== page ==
Another protozoal pathogen that predominantly effects poultry is histomoniasis, commonly associated with blackhead disease (BD) in turkeys. The protozoal parasite, Histomonas meleagridis, in combination with E. coli, causes infectious enterohepatitis, whereby the protozoa and bacteria replicate in the intestine, enter the bloodstream via the caecum and create clinical lesions in the liver of the bird (Bradley and Reid, 1966). The connection between protozoa and bacteria seen in BD suggests that modulation of the gut microbiota and promotion of overall gut health can be beneficial to preventing and reducing clinical signs and mortality. Co-infection of protozoal organisms (coccidiosis and blackhead disease) causes severe economic impact due to clinical disease (Macdougald and Hu, 2001). Trials with histomoniasis-infected broilers (Duffy and Tucker, 2006; Table 3) have shown that MRF and plant extracts outperformed the commonly-used drug Histostat™ in both FCR and mortality and radically reduced caecal and liver lesions in challenged broilers.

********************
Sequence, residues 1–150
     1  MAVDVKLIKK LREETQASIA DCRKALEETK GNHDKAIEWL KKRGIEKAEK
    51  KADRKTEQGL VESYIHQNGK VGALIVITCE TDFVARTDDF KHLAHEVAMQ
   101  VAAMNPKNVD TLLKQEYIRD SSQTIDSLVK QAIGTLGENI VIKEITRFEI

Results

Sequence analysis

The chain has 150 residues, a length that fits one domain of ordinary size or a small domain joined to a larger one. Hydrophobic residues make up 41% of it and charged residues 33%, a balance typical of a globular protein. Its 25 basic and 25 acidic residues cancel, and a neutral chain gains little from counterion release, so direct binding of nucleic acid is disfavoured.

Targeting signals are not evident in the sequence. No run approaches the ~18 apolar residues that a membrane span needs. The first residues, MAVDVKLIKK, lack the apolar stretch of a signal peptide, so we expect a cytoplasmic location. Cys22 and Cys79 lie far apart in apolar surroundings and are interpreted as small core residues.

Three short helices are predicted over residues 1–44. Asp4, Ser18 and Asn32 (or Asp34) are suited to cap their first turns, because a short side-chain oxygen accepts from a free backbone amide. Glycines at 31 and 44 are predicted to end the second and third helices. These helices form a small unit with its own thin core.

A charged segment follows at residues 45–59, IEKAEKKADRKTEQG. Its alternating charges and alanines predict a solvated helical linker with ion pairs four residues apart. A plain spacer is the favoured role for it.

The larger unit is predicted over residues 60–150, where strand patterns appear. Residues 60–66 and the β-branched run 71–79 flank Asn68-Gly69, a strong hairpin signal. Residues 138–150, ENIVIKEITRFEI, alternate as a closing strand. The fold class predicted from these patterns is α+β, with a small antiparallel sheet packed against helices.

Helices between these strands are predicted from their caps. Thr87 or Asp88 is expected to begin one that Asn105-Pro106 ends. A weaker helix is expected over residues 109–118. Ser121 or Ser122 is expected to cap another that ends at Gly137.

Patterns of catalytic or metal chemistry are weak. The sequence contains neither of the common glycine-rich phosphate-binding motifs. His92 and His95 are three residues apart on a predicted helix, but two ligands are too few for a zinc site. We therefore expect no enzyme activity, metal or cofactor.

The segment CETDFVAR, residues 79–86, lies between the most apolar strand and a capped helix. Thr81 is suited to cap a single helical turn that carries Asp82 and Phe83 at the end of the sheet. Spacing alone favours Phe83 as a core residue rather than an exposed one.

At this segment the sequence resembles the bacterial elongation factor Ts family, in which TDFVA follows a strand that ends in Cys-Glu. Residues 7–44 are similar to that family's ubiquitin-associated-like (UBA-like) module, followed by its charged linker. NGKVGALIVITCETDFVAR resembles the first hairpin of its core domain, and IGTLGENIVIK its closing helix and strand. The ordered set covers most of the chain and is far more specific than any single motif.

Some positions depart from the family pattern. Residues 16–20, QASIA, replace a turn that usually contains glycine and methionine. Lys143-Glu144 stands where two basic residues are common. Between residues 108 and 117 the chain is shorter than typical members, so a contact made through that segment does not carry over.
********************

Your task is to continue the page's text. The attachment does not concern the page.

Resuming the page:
Campylobacteriosis is a major concern for human health from the consumption of contaminated carcasses. Poultry may be unaffected but commonly carry the causative pathogen in their gut, which can be transmitted to meat during processing. Corrigan et al. (2017) showed (Table 4) that feeding MRF-supplemented diets significantly reduced the Campylobacter colonisation levels in the broiler caecum and, thus, improved weight gain, compared to the control birds. The MRF is thought to act indirectly by altering the composition of the bacterial community (Corrigan et al., 2015) and intestinal structures (Baurhoo et al., 2009) or by boosting the immune response (Munyaka et al., 2012).


To meet increasing demands for AGP-free diets for poultry, in order to meet global consumer concerns regarding antibiotic resistance, safe and natural alternatives are required to support performance, health and welfare of poultry. Research trials using proven natural feed ingredients, such as MRF and plant extracts, have shown these to be effective measures to control digestive diseases that compromise both poultry and human health.

*(MRF, Actigen™, Alltech Inc.) References available upon request.


2/3 articles remaining | Register to continue reading.